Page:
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World: Kosovo Aid And Russian Economy Tackled On Second Day Of G-7 Summit

  • Mark Baker



Cologne, 19 June 1999 (RFE/RL) -- Western aid for Kosovo reconstruction and ways to help the Russian economy dominated discussions on the second day of the three-day Group of Seven (G-7) plus Russia summit in Cologne, Germany.

Leaders from the seven leading Western democracies (the U.S., Japan, Germany, France, Britain, Italy and Canada) and Russia discussed initial aid amounts to help rebuild Kosovo in the aftermath of NATO's 78-day bombing campaign against Yugoslavia.

The European Union (EU) has put forward a plan to contribute about $500 million a year, for three years, in reconstruction aid. The fund would be separate from a larger Balkans economic package, which would be used to help surrounding countries such as Albania, Macedonia and Bulgaria.

A spokesman (Sadaaki Numata) for the Japanese prime minister said his country will pledge about $200 million in assistance for Kosovo. He said it would be broken down in several ways:

"It's broken down into $40 million in assistance directly to help the refugees through international organizations and $60 million to be provided over a period of two years into tranches of $30 million each to Albania and Macedonia to help alleviate the burden on their part of receiving the refugees. Another $100 million for the rehabilitation of Kosovo and to help the return of the refugees through, for example, the United Nations Human Security Fund."

Officials in Cologne said the final amounts and how the money would be used will be determined at an international donors' conference to be held later this month or next month. U.S. and British officials are said to agree that the European contribution will be larger than the U.S. contribution as a way of demonstrating Europe's resolve to solve problems on its own continent.

Our correspondent reports that there is widespread agreement on the need for and basic size of such a fund, but that the G-7 nations disagree with Russia on whether a Serbia led by Yugoslav President Slobodan Milosevic will qualify for any assistance.

A spokesman (Alistair Campbell) for British Prime Minister Tony Blair said in strong words today that no money will be available for Serbia as long as Milosevic is in power. He said the wording of a G-8 communique (the G-7 plus Russia) tomorrow will say that "without the necessary political and economic reform steps, Serbia ... will not be included" in any aid package.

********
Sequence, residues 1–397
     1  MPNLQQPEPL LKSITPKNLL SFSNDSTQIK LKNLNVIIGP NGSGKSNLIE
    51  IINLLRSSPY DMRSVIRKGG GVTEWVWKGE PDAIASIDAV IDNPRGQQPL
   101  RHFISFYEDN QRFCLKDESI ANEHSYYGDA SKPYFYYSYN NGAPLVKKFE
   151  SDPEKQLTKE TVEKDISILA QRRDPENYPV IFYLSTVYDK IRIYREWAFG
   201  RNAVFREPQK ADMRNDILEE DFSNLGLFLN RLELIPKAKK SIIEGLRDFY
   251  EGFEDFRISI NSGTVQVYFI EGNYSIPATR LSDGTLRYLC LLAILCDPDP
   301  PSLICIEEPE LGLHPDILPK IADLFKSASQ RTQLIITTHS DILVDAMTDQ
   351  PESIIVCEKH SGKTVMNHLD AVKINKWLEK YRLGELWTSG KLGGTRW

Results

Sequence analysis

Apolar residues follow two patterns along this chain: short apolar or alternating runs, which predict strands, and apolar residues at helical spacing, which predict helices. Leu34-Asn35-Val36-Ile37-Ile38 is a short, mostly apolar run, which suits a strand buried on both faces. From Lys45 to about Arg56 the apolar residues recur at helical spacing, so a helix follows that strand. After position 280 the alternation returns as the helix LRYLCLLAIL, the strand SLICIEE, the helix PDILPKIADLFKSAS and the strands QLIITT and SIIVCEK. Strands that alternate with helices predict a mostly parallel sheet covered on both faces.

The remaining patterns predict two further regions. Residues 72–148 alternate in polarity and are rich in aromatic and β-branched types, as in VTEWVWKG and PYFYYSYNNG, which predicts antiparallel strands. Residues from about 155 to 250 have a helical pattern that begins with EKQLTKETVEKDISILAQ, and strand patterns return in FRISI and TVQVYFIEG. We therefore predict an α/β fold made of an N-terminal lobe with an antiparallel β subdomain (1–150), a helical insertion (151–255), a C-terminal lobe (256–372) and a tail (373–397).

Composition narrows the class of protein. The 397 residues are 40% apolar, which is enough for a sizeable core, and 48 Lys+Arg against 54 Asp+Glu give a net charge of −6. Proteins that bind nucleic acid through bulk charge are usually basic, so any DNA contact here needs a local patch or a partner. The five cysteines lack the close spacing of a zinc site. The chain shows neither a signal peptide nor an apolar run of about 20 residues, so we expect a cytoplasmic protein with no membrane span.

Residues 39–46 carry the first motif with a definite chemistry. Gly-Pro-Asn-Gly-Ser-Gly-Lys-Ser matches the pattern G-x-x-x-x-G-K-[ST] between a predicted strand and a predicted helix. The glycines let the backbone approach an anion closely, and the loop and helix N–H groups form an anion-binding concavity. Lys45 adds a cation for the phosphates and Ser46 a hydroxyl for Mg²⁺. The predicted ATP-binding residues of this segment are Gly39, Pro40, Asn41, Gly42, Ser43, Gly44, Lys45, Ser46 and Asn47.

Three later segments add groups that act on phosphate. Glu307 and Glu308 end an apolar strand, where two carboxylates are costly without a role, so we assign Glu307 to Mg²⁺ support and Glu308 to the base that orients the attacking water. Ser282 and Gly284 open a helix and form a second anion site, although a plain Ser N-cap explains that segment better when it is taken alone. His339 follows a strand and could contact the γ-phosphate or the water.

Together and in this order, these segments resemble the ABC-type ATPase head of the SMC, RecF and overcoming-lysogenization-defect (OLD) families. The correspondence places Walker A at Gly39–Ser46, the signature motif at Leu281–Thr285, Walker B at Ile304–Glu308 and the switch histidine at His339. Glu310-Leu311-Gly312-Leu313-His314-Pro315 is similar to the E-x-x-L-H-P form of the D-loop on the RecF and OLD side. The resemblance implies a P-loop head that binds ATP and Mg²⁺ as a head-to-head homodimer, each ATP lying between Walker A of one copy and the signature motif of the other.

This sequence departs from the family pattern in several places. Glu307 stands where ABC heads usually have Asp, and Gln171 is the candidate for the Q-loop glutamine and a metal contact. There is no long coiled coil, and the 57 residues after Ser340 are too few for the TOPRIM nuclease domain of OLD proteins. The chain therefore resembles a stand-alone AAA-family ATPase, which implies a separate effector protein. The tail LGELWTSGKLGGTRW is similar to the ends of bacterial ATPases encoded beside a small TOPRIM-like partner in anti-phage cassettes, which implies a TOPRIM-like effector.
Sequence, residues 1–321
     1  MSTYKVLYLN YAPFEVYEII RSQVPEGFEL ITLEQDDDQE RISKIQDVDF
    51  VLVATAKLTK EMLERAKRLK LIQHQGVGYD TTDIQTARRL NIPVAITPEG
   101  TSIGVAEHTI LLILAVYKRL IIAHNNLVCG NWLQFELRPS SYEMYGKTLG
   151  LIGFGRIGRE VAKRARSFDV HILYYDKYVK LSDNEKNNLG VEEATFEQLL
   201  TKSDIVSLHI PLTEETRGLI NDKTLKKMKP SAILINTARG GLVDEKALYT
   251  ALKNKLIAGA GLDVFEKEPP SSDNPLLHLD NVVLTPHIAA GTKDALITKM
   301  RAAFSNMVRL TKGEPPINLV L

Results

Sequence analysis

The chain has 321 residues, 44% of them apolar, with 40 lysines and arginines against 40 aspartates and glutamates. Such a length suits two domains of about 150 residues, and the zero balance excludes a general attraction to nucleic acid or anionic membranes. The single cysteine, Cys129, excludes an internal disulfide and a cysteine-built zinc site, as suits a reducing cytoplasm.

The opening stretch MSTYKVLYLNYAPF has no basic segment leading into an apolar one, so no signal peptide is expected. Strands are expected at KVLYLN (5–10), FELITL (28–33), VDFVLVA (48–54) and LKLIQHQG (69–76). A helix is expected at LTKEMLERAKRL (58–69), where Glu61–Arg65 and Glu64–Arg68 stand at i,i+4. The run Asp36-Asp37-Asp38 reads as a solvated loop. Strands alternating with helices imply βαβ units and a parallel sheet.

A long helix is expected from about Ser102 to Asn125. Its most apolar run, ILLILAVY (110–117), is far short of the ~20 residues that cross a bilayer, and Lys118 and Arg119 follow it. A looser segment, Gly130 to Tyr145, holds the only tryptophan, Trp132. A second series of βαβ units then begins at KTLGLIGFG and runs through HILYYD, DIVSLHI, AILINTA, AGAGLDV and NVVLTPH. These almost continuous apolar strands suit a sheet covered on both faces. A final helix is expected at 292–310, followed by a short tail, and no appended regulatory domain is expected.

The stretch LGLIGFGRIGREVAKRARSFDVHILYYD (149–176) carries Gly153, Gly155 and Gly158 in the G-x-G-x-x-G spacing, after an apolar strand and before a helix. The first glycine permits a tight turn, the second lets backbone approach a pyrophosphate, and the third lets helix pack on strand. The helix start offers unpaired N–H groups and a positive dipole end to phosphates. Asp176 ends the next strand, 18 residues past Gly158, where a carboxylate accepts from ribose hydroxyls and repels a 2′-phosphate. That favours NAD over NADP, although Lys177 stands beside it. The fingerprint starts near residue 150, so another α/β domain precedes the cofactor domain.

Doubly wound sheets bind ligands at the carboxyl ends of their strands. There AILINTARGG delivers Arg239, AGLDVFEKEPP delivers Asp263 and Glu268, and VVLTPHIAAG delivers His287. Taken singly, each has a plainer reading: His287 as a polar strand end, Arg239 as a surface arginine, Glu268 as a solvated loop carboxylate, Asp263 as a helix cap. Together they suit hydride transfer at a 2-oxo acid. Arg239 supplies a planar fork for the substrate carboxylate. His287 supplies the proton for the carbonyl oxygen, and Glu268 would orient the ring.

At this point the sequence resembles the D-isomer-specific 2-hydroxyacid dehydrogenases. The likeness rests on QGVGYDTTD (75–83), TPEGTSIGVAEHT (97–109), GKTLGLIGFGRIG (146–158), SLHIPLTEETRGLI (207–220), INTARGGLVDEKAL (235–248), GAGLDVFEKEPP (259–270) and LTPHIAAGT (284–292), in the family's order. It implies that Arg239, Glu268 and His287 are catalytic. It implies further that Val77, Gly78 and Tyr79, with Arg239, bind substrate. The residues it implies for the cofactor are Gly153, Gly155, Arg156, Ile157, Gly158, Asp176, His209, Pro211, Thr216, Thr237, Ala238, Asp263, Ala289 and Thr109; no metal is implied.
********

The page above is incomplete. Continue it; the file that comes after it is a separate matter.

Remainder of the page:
Correspondents say the communique will not call directly for Milosevic's removal from power for Serbia to receive aid, but the British spokesman said that was the way his government will interpret the wording.

Russia opposes moves by the G-7 to isolate Serbia and exclude it from reconstruction aid. Russian Prime Minister Sergei Stepashin said last night that the West cannot make a country of 10 million people (Serbia) pay for the mistakes of one man.

However, Russia has little influence in the reconstruction debate since it won't be contributing directly to the West's aid funds for Kosovo. Russian presidential spokesman Dmitry Yakushkin told RFE/RL today at the Cologne summit that Russia will be providing its own assistance to Serbia:

"Serbia will be helped, for example, by Moscow city. The city already made an initiative. And Mayor Yuri Luzhkov, who is a major player in our political arena, already made an initiative to help Serbia restore what has been destroyed and President Yeltsin has approved that initiative."

Yakushkin said he thought the West's policy of ignoring Serbia while Milosevic is in power is "insane."

Also on the agenda at today's talks were Western efforts to help reform the Russian economy.

Russian Prime Minister Sergei Stepashin told the summit that the Russian economy is improving and urged them to treat Russia as an equal member of the G-8.

Emphasizing Russia's desire to be treated as an equal partner, Stepashin today rejected a French proposal to include in the final G-8 communique a document offering to fully integrate Russia into the world economy and to set a program for Russia's prosperity.

Russian comments indicated that they thought the document was condescending.

Stepashin today also met with German Chancellor Gerhard Schroeder to discuss restructuring some of Russia's debts to the Paris Club of creditors. Germany is one of the largest holders of Russian and Soviet-era debt.

Russian President Boris Yeltsin is to fly to Cologne tomorrow for bilateral talks with U.S. President Bill Clinton and Germany's Chancellor Schroeder and to participate in a joint G-8 forum. Yeltsin is expected to focus discussions on yesterday's Helsinki agreement on the participation of Russian soldiers in KFOR and on U.S.-Russian bilateral relations.

Yakushkin said Yeltsin is pleased with the agreement.

Yakushkin also said that the Clinton-Yeltsin talks will be important for setting the tone of relations between the countries. Russian-U.S. relations sank to their lowest level since the end of the Cold War during NATO's bombing campaign against Yugoslavia.
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